Co-living and micro units are becoming increasingly common throughout urban cities in the United Sates. Due to their smaller sizes, it is expected that co-living units will have more attainable rents, while still providing a significant number of amenities for residents that allow for high levels of social interaction. They are shown to attract young professionals that are not looking for the expense and responsibilities of home ownership and retirees looking to downsize. Attracting such residents is desirable in order to encourage the economic development of the North Beach Town Center.
Due to the small size of co-living units, they will likely house fewer people than a conventional housing unit. For planning purposes, it is estimated that a conventional housing unit has 2.5 people per dwelling unit. A report from the Urban Land Institute (ULI) entitled The Macro View on Micro Units indicates that the ability to live alone is one of the primary reasons for people to move into a co-living unit. Because of the size of a co-living unit and the expectation of more attainable rents, it is more likely that they will be made up of single-person households. Because a co-living unit is roughly half the size of a conventional unit, it can be estimated that the planning impact of a co-living unit will be half (1/2) that of a conventional unit, or approximately 1.25 people per dwelling unit.
The following development applications have been approved by the Design Review Board (DRB) or have submitted a building permit application with co-living units:
1. 7145 Carlyle Avenue: 121 co-living units.
2. 6970 Collins Avenue: 20 co-living units.
3. 7114 Collins Avenue: 168 co-living units.
Total: 309 co-living units.
As discussed when Ordinance 2019-4287 was presented to the City Commission in July of 2019, the developer of the parcel located at 7140 Abbott Avenue expressed an intent to submit a development application to the DRB, before the end of the year, for a project containing co-living units. Since this project was contingent upon the approval of a requested alley vacation, by the time the developer began the formal DRB application process, 309 of the co-living units available within the pool of 312 units (for the TC-C district) were already reserved. The development at 7140 Abbott Avenue is now proposing 141 co-living units. If the cap were increased by 140 units to accommodate this proposal, the total number of proposed co-living units within the TC-C district would increase from 309 units to 450 units.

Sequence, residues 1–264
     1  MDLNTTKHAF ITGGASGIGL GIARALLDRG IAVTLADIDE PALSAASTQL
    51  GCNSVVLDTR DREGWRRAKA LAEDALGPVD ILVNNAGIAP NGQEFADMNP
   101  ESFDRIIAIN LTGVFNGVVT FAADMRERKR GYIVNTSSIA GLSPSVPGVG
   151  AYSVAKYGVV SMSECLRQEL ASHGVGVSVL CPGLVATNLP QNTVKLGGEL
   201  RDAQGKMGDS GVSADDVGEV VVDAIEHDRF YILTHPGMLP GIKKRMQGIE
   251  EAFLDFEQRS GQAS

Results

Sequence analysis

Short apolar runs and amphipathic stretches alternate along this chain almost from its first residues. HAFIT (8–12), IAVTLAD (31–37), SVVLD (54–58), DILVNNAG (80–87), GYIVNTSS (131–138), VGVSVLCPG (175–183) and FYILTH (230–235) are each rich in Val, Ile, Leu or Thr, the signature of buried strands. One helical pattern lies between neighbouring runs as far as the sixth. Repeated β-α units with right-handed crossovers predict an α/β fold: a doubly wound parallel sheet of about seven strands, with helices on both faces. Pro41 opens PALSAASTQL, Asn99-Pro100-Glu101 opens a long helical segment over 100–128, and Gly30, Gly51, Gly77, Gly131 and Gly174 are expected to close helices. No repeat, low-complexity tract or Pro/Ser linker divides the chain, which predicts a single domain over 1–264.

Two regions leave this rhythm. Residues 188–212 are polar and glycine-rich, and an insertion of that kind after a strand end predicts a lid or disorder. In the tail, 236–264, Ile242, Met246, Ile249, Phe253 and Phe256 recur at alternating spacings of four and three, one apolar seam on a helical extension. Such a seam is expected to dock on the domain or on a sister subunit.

Considering the general interest in, and forward movement of, applications including co-living units within the area, the administration would again strongly recommend an increase in the overall cap of co-living units within the TC-C district. Specifically, staff recommends an increase to 550 co-living units. The modification of the density calculation in July of 2019 has increased the feasibility of co-living developments. However, without increasing the maximum number of co-living units in the district, the number of projects that can develop these units is limited. Greater flexibility relating to the number of co-living units would improve the likelihood of bringing a co-living development to fruition.
In addition to the proposed increase in the cap for co-living units, the administration is also recommending that the method of reserving co-living units within the cap be modified for purposes of clarity and equity. Currently, a reservation for these units can be made on a first-come, first serve basis, by either making an application for a (i) land use board approval, (ii) building permit, (iii) certificate of occupancy, or (iv) business tax receipt. Since the cap on units is administered under the LDRs, the Administration recommends that the land use board application process be the sole method of reservation for co-living units.
These proposed revisions are contained within the attached draft ordinance. The administration is recommending that the ordinance be referred directly to the Planning Board for review and recommendation, and transmittal back to the City Commission.